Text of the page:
Simplex Tour de France Rear Derailleur Adjustment

It’s been quite a few years since I last posted about how to set up a Simplex Tour de France rear derailleur.  These mechanisms were found on bikes dating from the late 1940’s to the early 1960’s, but are not in any way intuitive to fine tune.

The routing of the chain through the pulleys was so puzzling that Simplex had to include a chart in their technical instructions to indicate how this was to be done.  In fact, when I had first started my vintage bike restoration endeavors many years ago I had taken a vintage Peugeot to a reputable bike shop for some repair help with a rear wheel.  When the bike was returned to me, the chain had been incorrectly routed through the Simplex rear derailleur.  That shows just how perplexing this rear derailleur can be.

1953 French mystery mixte with Oscar Egg lugs

Recently, I have been working on my mystery French mixte with its Oscar Egg lugs.  The bike was equipped with tubulars which have proven to be a challenge to keep maintained, as I haven’t ridden this bike on a regular basis, even though they do offer a beautiful and comfortable ride. The glue holding the tires to the rims is no longer robust.  So, upon deciding to temporarily replace the tubular wheelset with a clincher set from the same early 1950’s era, I needed to perform a few tweaks to the Simplex TDF rear derailleur in order to get this bike set up so that I can ride it with more regularity.

My replacement clincher wheels are 700c 1950’s Super Champion rims laced to Normandy hubs.  I wanted to lower the gearing from the the original configuration, but had read that these rear derailleurs can only manage about 24-25 teeth maximum on the freewheel.  I found a 5 speed freewheel with French threads with a largest 25 tooth cog, and then adjusted the internal threaded shaft on the Simplex TDF rear derailleur to tune out the highest fifth gear, as this derailleur can only accommodate 4 gears.  (The bikes’ original drilled Regina freewheel’s largest cog is 21T).  This is accomplished by loosening and removing the nut on top of the knurled washer, and turning the threaded shaft as needed to position it correctly so that the chain lines up with the smallest and largest cogs as the pull chain is moved through its range of motion.  It takes a bit of trial and error.  The knurled nut is meant to be used to turn the shaft, but if that proves difficult, there are flats on the shaft which engage with a 12mm wrench.

Once the alignment to the cogs was correct, I proceeded to adjust the derailleur using the two spring tension adjustments available in this 1950’s rear derailluer:  chain tension, and pulley tension.  The chain tension is controlled by the spring on the arm, and the pulley tension is controlled by the tension on the pulley spring, using the notched mechanism, shown above.  Moving the pulley spring’s position clockwise increases the pulley tension.

Before going further into the weeds, it’s always a good idea to look at a component’s schematics.  Here is the front page of the TDF instruction guide included with these models.  I also consulted the excellent advice from Peter Underwood at the Classic Lightweights website.  After some contemplation, I decided to overhaul a NOS Simplex TDF that I had in inventory, which needed cleaning and re-greasing, hoping this would illuminate this derailleur model’s nuances.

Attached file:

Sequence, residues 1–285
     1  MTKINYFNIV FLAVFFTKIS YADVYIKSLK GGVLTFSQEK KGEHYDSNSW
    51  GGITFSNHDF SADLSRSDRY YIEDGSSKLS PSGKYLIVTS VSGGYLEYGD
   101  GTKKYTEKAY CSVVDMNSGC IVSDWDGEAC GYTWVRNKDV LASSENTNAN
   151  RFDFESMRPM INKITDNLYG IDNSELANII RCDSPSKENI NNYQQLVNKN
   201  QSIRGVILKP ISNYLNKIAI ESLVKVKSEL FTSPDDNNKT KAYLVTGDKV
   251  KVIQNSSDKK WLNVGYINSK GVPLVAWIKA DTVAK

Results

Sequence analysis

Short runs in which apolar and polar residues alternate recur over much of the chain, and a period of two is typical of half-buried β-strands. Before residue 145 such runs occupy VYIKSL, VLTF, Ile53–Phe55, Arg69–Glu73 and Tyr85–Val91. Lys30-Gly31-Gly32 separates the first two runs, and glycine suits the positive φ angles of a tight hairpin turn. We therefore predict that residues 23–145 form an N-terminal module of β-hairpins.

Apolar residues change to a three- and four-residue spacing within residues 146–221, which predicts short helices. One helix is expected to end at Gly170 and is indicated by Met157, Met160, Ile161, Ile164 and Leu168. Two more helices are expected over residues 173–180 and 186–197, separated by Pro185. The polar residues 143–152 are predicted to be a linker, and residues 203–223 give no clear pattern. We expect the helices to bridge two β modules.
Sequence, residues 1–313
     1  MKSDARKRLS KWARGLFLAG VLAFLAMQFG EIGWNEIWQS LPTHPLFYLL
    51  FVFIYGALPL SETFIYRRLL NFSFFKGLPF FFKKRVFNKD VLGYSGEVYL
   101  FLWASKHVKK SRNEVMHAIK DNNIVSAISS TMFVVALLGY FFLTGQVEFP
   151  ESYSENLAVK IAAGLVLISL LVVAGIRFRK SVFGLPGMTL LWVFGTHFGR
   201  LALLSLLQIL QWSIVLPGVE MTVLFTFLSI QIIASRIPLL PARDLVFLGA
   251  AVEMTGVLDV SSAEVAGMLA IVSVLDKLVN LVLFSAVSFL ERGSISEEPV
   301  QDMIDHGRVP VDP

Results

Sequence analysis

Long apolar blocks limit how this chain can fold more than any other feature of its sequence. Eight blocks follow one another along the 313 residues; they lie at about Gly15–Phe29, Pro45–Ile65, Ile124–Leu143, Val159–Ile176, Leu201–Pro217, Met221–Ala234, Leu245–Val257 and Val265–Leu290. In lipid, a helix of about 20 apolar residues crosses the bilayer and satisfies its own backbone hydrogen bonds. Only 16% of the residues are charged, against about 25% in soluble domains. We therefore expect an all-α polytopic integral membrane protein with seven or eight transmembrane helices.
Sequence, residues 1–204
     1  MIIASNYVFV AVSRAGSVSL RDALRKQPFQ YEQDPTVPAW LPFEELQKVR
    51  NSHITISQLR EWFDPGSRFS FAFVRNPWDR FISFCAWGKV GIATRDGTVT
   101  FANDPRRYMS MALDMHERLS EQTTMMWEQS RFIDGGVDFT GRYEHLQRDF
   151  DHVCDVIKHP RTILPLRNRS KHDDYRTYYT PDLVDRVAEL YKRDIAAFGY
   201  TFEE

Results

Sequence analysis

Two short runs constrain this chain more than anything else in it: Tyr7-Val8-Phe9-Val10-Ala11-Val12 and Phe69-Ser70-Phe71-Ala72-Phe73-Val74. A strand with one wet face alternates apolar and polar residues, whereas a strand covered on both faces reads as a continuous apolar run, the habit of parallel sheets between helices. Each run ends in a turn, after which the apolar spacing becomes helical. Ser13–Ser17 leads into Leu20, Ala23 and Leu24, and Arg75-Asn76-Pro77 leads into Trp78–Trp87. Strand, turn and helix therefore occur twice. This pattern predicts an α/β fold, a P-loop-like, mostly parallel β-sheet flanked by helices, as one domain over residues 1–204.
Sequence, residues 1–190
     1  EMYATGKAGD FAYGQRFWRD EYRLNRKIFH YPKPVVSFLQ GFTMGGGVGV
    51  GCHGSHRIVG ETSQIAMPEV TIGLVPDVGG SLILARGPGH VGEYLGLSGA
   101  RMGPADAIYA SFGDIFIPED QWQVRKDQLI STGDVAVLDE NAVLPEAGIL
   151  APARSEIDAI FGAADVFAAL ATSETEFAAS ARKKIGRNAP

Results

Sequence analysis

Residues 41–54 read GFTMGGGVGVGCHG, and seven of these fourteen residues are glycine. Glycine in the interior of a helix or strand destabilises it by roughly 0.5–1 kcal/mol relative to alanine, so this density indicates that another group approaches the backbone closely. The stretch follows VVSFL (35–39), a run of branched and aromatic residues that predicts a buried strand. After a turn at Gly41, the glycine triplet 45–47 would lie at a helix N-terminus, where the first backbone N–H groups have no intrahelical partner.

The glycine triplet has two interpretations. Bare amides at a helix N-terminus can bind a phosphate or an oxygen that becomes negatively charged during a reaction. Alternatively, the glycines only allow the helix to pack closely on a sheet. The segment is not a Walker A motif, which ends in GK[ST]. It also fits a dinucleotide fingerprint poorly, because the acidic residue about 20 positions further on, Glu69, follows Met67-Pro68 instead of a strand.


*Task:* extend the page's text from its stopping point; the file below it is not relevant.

Upon removing the outer nut with a 17mm wrench, I proceeded to removed the pulley cage, which takes an 11m wrench.  The outer steel flexible cover over the shaft reveals an internal spring.  This model had lots of extra washers, which I ended up not replacing (more later!).  After cleaning and lubricating all the parts, came the difficult task of getting the pulley cage back on to the shaft, with its attendant spring.  After some trial and error, I realized there is always a trick to getting derailleur spring back where it should be.

After taking time to review the schematics, I realized that I needed to move the threaded shaft as close as possible to the notched piece, so as to push the moveable part of the shaft down as far as possible.  While holding the spring and cover tightly in place, I was finally able to thread the pulley cage back on, sans a few washers!

And finally, I was successful at re-assembly.  This NOS derailleur now has free-running pulleys with all parts lubricated and is ready to roll.

Meanwhile, I had tried various adjustment scenarios, changing the chain tension and the pulley tension.  The above is a video I made discussing the various adjustments possible for this derailleur.  I initially set the chain tension to push the derailleur back so that I could use the 25T freewheel I had selected.  But, you will see from this video, that by doing so, my shifting performance has suffered.

So I decided to reduce the chain tension by adjusting the nut at the back of the mounting bolt (which has the chain tension spring threaded around it).  This is done by removing the spring from the arm, releasing the bolt, moving the spring back or forward (in this case, forward to reduce tension), and re-tightening the nut.

You can see from the above video that my shifting has improved dramatically.  However, upon taking the bike on a test ride, the torque on the drive train while riding caused the derailleur pulley to contact the 25T cog, making the bike unrideable in that gear.  So, back to the drawing board!  I’ll either switch the freewheel back down to a 24T model, or fiddle with the tension adjustments yet again (NOT!), and most likley swap out the front chain ring for something a bit smaller to help make this bike more rideable for a Portland commute.